Nine years after Hermann Maier and eight years after Stephan Eberharter, Didier Cuche became the third skier to achieved a double win on the Streif at Kitzbühel, winning back-to-back the Super-G and the downhill of the legendary Hahnenkamm event.
The 35-year-old Swiss already won the downhill in 1998 and 2008, attacked once more the course with greatest determination to beat by only a few tenths of a second Slovenia’s Andrej Sporn while Italy’s Werner Heel came in 3rd.
The reigning Super-G World Champion was particularly excited about his superb performance which helped him to reinforce his lead in the downhill World cup standings prior the coming Olympics. He leads now the classification with a margin of 88 points on his young colleague Carlo Janka with only two races left at Kvitfjell and Garmisch-Partenkirchen in March.
“This is a wonderful day for me, finally I managed to win the real Hahnenkamm downhill, I’m very proud of myself,” said the HEAD champion afterwards. “In 1998 I won a sprint downhill and in 2008 a shortened one because of bad weather conditions at the top. Today I claimed the real one, that’s just so great,” the Swiss also explained.
Cuche also said that he was pretty satisfied with his aggressive run having decided earlier in the morning about the line he was aiming to follow in the treacherous lower part. “Last summer I watched nearly twenty times Stephan Eberharter’s dream run from 2004 on video. I was tempted to charge as hard as he did in the final steep turns but then I decided it would make more sense to follow a smoother and less risky line there. I tried the tougher one in training and I definitely had problems in that section so I went for the more conservative one this time. Anyway, I think you can really try that old line anymore because the gates are now set in a different way.”
He also commented on his attitude at the start and his confidence prior entering the spectacular start house. “For sure my success in the Super-G helped me to feel confidence and relaxed prior the race, I had a good time with my trainers and I was not so nervous. It helped me to be focused and achieve a very good start right away.”
At the post-race press conference, he also explained that it’s difficult to compare his three downhill wins here event though the first one in 1998 remains very special and emotional. “I came back from a bad injury that season and I felt incredibly relieved after that win, it was like a new birth for me,” he said.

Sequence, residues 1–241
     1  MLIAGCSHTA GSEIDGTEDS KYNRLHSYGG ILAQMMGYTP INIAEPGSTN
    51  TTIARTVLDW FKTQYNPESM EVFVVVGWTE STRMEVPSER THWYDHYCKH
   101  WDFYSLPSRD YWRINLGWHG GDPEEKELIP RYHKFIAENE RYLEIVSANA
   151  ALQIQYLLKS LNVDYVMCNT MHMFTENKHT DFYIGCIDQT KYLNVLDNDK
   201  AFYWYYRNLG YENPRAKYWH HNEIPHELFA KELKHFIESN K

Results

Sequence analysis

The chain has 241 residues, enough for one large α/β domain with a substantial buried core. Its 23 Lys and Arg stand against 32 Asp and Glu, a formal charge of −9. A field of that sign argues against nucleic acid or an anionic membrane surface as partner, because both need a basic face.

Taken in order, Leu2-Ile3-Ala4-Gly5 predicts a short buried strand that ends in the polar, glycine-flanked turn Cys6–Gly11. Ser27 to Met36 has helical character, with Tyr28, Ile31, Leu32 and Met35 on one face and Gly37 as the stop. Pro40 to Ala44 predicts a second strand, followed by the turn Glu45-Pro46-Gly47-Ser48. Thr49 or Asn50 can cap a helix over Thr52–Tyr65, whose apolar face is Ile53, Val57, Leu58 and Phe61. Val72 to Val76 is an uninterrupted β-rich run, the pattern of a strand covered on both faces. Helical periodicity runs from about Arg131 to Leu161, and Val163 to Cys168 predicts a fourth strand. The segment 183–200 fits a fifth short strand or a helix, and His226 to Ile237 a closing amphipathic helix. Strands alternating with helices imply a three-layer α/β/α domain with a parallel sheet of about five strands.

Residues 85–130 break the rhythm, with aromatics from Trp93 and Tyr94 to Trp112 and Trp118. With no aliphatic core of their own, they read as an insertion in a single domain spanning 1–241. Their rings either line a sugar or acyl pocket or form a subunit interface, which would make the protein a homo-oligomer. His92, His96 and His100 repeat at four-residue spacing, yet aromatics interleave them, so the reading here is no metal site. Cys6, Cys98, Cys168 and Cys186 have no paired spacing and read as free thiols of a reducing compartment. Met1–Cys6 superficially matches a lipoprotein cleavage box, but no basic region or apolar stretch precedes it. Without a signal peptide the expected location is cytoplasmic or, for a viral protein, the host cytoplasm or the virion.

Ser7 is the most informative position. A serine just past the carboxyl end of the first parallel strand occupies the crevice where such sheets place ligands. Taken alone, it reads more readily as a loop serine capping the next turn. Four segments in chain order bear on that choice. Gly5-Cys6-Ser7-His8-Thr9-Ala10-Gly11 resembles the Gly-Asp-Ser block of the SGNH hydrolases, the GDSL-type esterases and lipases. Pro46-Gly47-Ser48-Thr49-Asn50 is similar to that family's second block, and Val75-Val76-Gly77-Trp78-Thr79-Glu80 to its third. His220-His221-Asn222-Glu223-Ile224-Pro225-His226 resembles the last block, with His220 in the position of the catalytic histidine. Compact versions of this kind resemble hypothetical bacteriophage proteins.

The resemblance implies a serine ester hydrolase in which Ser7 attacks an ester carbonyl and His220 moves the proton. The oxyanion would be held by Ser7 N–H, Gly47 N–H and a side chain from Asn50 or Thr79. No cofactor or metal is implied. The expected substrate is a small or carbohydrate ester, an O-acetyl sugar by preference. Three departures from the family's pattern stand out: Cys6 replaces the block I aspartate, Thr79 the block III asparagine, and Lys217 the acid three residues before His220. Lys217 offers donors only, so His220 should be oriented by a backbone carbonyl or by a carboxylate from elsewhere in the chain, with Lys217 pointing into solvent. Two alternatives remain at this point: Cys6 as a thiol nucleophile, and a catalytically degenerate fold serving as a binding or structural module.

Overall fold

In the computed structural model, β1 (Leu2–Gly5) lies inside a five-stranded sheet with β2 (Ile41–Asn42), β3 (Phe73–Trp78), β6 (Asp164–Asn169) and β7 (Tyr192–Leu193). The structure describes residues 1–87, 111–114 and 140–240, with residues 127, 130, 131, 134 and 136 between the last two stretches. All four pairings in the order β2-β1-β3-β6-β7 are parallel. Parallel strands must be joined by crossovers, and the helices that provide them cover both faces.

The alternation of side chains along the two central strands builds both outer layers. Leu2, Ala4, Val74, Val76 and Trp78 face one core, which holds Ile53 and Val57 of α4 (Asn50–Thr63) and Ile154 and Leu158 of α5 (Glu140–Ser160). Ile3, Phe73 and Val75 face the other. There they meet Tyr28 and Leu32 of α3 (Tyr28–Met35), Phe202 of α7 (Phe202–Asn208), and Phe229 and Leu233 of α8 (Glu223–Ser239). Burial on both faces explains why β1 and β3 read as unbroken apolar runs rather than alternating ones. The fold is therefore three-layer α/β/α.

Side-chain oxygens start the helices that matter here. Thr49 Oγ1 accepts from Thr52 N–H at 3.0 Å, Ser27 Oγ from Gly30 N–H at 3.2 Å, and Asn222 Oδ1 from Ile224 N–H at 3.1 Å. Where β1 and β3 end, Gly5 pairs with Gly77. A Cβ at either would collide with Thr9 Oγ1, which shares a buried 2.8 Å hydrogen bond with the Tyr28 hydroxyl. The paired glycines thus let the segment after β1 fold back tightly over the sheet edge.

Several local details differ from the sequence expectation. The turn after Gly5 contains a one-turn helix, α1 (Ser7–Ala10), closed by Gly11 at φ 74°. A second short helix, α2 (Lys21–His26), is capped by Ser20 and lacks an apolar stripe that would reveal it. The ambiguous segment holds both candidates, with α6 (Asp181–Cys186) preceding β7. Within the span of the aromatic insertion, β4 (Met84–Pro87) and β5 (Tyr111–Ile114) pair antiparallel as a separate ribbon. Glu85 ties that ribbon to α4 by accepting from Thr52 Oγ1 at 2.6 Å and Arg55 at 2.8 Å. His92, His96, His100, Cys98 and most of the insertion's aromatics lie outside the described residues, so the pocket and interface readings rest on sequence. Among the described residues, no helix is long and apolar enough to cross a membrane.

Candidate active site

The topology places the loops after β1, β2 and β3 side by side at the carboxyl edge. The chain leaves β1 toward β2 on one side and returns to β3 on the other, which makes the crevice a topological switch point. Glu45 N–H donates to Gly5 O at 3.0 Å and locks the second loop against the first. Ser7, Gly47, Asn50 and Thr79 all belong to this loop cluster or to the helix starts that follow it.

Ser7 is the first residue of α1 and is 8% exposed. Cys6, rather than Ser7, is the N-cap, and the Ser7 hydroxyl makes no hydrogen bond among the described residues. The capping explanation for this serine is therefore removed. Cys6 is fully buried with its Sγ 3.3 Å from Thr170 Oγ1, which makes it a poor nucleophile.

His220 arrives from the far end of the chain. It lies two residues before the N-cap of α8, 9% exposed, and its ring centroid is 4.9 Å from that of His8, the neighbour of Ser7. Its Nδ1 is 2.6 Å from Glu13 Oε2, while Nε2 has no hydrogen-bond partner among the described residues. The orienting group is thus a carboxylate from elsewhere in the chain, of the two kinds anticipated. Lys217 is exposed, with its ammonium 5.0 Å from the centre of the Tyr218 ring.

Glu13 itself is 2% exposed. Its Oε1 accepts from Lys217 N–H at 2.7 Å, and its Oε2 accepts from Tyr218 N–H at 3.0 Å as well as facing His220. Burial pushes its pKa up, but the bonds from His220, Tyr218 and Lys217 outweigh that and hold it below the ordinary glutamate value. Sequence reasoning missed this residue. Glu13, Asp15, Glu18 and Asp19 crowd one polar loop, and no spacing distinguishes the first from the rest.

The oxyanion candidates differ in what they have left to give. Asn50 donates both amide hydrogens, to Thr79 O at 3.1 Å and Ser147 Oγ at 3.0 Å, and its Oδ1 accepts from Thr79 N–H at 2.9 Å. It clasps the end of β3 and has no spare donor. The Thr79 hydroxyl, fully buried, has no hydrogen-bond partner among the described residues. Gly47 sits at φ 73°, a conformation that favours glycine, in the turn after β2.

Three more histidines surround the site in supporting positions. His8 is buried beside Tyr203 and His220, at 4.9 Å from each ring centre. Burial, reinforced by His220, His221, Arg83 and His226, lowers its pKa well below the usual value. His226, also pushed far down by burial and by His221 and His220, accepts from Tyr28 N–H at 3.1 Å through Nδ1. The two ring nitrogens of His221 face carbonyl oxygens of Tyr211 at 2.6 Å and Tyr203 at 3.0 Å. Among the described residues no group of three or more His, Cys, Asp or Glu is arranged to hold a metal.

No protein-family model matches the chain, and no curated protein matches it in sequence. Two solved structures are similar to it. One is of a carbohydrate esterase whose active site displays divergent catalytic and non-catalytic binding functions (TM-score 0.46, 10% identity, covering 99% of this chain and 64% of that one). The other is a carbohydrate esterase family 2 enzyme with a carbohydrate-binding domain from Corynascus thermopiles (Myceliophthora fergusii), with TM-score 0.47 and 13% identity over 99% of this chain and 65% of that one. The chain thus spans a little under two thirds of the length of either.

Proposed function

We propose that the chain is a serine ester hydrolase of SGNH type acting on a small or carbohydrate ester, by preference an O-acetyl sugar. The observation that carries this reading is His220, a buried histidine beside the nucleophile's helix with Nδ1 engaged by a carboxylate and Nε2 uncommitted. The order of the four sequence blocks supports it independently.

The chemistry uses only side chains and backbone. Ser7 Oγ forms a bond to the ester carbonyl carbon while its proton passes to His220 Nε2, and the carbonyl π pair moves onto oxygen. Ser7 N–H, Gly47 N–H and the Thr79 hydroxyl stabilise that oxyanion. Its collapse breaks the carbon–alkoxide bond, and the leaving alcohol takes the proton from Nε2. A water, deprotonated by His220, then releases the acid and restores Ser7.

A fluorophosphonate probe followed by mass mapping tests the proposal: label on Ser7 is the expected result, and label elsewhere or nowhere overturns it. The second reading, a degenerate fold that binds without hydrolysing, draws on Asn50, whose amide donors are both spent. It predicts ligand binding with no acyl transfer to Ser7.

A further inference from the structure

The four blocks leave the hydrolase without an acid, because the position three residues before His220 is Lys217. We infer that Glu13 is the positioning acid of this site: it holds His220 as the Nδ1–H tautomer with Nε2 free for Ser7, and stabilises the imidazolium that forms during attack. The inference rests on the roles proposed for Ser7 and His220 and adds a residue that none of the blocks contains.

“Yet to win here is always very special. In a way you first have to win over yourself here, there is so much pressure on you here that you have to try much harder than somewhere else. The most important is to have a solid run and be healthy at the end of the race.”
With four wins this season already in his pocket, Didier also looks forward with great pleasure to the rest of the season – with the next two giant slalom races in Slovenia, and then the Olympics at Whistler Mountain. “I feel strong in giant slalom and I like competing on the challenging slope of Kranjska Gora,” said the Swiss who is also skiing the slalom on Sunday to score a few points in the ‘classical’ Hahnenkamm combined.
“I’m happy to go as a favourite to the Olympics next month, I rather be chased than the chaser,” he added. “When you are chasing, you also put a lot of pressure on you and you can make errors.”
Coming back on his crash at Val d’Isère during free-skiing on the Super-G course, Cuche explained that it was in fact worse than at first sight because he also suffered a rather strong concussion after being unconscious for some minutes. “My broken rib was in fact a lesser problem than this concussion, but the doctors wanted it to remain a secret for a while, I still don’t understand why. But I definitely had a hard time afterwards finding back all my means and my confidence.”
Cuche is also looking forward for a nice break at home in the week prior his travel to Canada. “It will be great to be home and do some hard physical work-out, it’s the last occasion prior the end of the season. I hope to tank much energy during this week and feel fresh and ready again for the next events,” added the Swiss who sat in the ‘Hermann Maier’ gondola in the morning before the race. “It’s nice of course, but I found out that the organizers missed some of his wins. He won five times in total but only the one in the year 2000 is mentioned.”